“I am optimistic that AI will bring significant benefits to society, but it must be thoughtfully designed, deployed, and governed.” — Alyssa Lefaivre Škopac

Headshot of a woman with long brown hair wearing glasses and a blue blazer.

Lefaivre Škopac stresses the need for upskilling and inclusion of the workforce in AI initiatives, noting that mature organizations view AI as a workforce multiplier rather than a cost-cutting measure – meaning it could create jobs, rather than take them away.

AI skills are becoming essential

Central to the responsible deployment of AI is proper education and training. Fayyad underscores the importance of experiential learning, where students engage in real-world projects to gain hands-on experience in AI application. 

“Our program at Northeastern equips students with the skills needed to leverage AI’s transformative potential in various sectors.” Fayyad says. “Through real-world projects and case studies, students gain hands-on experience applying AI to solve complex problems.”

Though these programs are aimed at students, employees already in the workforce should be gearing up to use the technology, too. Fayyad expresses that corporations and organizations should be equipping their employees with tools and training so they don’t get left behind. 

“That’s why it’s important for workers to figure out, this is not a threat, this is a tool. If I figure out how to use the tool, it increases my market value. It leverages my skills,” Fayyad says, comparing it to using the internet or a smartphone. In most cases, you wouldn’t hire an employee today who isn’t fluent in those technologies.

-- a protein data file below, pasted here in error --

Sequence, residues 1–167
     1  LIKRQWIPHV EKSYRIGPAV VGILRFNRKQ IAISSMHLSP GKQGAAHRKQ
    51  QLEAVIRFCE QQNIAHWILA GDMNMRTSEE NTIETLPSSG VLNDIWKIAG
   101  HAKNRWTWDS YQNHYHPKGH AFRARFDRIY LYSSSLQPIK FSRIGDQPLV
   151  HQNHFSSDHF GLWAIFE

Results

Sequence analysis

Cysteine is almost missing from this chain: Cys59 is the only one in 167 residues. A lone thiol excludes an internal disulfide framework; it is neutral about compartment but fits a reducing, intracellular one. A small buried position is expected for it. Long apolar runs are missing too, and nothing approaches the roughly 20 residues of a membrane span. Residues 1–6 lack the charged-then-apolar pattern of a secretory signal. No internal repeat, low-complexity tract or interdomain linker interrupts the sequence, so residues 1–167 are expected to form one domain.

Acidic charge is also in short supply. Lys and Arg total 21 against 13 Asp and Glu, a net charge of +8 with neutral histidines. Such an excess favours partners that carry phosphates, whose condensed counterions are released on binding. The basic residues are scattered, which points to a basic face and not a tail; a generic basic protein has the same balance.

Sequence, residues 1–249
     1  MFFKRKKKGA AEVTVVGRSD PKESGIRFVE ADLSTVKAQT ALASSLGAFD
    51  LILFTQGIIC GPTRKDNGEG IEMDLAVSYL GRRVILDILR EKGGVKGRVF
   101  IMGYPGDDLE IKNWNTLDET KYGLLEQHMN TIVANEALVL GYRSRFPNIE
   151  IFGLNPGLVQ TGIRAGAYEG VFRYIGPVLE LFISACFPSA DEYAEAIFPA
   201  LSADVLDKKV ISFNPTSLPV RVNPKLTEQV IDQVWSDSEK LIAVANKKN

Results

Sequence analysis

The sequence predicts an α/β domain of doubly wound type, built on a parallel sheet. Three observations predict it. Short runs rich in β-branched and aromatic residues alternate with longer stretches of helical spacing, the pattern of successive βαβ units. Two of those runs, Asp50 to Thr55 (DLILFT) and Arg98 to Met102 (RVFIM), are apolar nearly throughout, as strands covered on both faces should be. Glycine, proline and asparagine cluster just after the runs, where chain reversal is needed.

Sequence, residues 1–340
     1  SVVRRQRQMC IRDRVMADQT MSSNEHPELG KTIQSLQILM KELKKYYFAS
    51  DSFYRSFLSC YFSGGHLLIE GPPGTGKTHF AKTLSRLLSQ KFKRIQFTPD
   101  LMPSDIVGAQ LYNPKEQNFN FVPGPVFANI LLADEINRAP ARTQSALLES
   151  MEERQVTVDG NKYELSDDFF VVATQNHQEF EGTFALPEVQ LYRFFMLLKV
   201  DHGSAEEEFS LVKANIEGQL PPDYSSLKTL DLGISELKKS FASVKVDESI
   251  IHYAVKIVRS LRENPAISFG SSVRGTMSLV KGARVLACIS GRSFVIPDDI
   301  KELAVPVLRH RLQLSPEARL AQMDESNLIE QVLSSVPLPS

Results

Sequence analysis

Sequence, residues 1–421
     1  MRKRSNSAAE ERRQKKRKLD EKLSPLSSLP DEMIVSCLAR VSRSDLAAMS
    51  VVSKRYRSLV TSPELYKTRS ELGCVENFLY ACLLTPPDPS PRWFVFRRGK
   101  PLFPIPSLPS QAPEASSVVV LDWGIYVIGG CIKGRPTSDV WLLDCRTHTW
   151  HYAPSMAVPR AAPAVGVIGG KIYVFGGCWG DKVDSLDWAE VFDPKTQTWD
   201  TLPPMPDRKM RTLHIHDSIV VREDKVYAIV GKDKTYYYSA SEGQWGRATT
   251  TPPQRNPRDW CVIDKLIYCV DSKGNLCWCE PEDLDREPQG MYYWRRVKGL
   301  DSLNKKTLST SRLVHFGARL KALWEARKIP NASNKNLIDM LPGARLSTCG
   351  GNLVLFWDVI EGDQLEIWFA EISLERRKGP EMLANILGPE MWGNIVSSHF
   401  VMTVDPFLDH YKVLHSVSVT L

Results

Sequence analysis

Skilled individuals can use AI knowledge to enhance their productivity and market value, while those lacking in skills may find themselves at a disadvantage in an increasingly tech-driven world, Fayyad says.

So what’s the best way to protect yourself from the downsides of AI and turn the tech into an upside? “Use it,” Fayyad says. He encourages people to pull up Chat GPT and play around with it. “It’s the best way to gain an understanding of it.”

Garces echoes “Try to compare things that you would do normally without AI. [Like] drafting an email, writing a poem, maybe. Then try these things with AI. You start learning when it can be helpful, and when it’s not very good.”


AI’s future in the region

AI holds immense promise for Boston and New England. Certainly the high concentration of bright minds focused on leveraging the technology and educating the upcoming generations are primed to tackle the challenges ahead. 

But what’s more, our leadership as an AI hub can also help set standards for how the market overall addresses AI ethics and deploys the technology responsibly. 

Initiatives that foster collaboration among policymakers, industry leaders, and community stakeholders will be crucial. Such efforts ensure that AI technologies are developed with diverse perspectives in mind, addressing the needs and concerns of all segments of society.

“By embracing AI responsibly and collaboratively, we can harness its potential to drive positive change and enhance the quality of life for all,” Garces says.